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RHEED MCCRACKEN
Paralympic Athlete
Dog's Name: Zyla
It was 2010 and Rheed McCracken was aboard a flight from Brisbane to Bundaberg when he noticed a familiar face sitting in the adjacent seat. It was Channel 7’s Sunrise host David Koch, and this chance meeting would be the catalyst to a marvelous sporting career.

While the 13-year-old Rheed was initially too shy to engage, eventually they spoke and Kochie asked who his hero was. Rheed confirmed it was the legendary Kurt Fearnley, and as chance would have it, Kochie was heading to Sydney a few days later having accepted a challenge from Kurt to race in a wheelchair in the famous 420m uphill, Balmoral Burn.

Kochie suggested Rheed come to Sydney and also race with the pair. He did, Kurt became a mentor, and three Paralympics and five Paralympic medals later, the rest as they say is sporting history.

At the London 2012 Paralympic Games, Rheed exceeded all expectations, returning home with silver in the 100m T34 and bronze in the 200m T34, four years later in Rio he defended his silver in the 100m T34 and won another bronze in the 800m T34, and then in the 2021 Tokyo Games, he won another a third straight silver in the 100m T34.

But Rheed isn’t the only one in his family with racing experience, albeit the other one is now enjoying a life of lavish luxury.

Early in 2021 Rheed who was in Newcastle, adopted Zyla from Greyhounds As Pets, and with his family based in Bundaberg, his girlfriend Ashleigh McConnell, a Paralympian swimmer, basing herself in Melbourne for her Games’ preparation, Zyla and Rheed became close friends.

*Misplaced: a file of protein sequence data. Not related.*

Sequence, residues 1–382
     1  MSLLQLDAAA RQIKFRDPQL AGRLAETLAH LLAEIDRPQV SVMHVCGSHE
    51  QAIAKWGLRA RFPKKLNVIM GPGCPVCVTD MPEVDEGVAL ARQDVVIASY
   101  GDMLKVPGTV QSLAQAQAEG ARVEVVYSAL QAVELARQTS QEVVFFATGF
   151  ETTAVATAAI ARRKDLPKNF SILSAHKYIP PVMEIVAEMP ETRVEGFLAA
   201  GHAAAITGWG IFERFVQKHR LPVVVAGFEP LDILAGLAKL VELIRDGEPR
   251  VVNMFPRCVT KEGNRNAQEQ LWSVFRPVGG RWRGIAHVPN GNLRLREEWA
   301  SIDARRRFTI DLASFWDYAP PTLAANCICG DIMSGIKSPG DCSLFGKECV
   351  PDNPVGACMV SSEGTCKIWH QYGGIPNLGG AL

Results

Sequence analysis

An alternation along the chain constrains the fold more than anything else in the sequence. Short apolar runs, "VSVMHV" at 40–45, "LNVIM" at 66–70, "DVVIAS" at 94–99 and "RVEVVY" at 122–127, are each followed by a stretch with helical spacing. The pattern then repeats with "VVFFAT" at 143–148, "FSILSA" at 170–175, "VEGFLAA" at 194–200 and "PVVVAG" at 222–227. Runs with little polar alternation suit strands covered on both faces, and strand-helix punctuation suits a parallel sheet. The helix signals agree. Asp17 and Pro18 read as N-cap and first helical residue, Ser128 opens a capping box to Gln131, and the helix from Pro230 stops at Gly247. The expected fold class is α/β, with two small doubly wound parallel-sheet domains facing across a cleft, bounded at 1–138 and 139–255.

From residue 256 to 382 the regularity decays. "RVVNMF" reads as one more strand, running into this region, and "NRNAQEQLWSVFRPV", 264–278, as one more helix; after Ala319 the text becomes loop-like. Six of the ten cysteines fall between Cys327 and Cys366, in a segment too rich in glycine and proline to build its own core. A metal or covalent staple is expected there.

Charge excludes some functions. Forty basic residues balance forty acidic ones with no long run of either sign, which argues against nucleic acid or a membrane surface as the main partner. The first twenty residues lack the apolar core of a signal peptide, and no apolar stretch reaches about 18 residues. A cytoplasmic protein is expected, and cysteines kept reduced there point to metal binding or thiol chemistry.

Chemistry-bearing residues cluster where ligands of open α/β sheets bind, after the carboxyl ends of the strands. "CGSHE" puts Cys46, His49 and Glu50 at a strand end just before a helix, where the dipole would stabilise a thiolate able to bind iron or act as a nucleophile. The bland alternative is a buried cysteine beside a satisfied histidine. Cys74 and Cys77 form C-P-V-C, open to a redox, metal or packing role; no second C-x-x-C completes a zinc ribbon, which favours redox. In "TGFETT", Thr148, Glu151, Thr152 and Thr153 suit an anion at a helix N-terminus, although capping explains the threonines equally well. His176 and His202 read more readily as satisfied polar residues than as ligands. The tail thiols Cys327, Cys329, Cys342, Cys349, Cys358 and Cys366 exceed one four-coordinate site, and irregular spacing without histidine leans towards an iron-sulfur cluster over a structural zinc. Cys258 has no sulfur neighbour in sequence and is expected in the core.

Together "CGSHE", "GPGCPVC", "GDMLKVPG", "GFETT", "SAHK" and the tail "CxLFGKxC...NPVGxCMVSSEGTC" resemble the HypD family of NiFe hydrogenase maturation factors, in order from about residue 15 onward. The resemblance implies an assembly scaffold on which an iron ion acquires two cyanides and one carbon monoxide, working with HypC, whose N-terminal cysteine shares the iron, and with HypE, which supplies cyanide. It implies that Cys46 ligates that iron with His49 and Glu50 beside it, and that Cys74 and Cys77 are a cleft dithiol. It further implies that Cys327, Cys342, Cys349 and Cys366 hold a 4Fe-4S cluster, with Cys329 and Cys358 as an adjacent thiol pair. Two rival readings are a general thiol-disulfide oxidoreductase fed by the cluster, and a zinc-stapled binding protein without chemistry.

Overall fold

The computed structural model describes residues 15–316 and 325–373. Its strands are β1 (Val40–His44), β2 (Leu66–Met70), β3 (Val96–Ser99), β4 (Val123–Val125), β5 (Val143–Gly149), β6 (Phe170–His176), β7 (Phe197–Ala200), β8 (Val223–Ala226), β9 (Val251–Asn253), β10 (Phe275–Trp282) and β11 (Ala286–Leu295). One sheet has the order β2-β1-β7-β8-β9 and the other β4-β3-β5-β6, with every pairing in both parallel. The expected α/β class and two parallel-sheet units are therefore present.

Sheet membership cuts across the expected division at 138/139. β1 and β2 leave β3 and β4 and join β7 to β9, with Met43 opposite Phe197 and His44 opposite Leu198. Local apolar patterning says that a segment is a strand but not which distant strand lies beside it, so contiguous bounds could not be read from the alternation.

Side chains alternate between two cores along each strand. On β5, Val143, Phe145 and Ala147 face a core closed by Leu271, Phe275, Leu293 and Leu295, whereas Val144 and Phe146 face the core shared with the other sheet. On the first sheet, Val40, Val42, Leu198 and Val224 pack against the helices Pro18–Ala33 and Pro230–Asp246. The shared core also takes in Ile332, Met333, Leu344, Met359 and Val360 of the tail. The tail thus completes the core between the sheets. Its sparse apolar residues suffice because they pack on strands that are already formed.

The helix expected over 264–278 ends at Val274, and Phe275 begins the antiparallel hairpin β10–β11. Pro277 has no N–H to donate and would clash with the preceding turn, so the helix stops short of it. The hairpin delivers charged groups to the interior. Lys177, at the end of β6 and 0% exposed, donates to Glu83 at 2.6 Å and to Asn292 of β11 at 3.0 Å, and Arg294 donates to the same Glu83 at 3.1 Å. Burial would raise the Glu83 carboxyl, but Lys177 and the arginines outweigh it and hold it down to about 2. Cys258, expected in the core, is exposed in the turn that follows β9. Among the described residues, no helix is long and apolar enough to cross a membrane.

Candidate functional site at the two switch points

“I found living away from home and your family while training can be challenging. Both myself and my partner had been thinking of getting a dog and had an interest in adopting,” Rheed explained. “When we looked into retired racing greyhounds, Zyla came up and we jumped at the chance to meet her. I remember the day, and just instantly loving her nature. 

“She is always happy to see me, I take her for a walk and the last thing on my mind is thinking about a race. She’s such a good support animal,” Rheed said.

“I needed a dog that was good on the leash and didn’t pull a lot and was friendly around other dogs.

“To see her settle in and show all her quirks, and her smile has been the best thing we did, and I'm so thankful for GAP NSW for helping match us with Zyla and showing us the importance of giving these beautiful dogs a new home and life after racing.”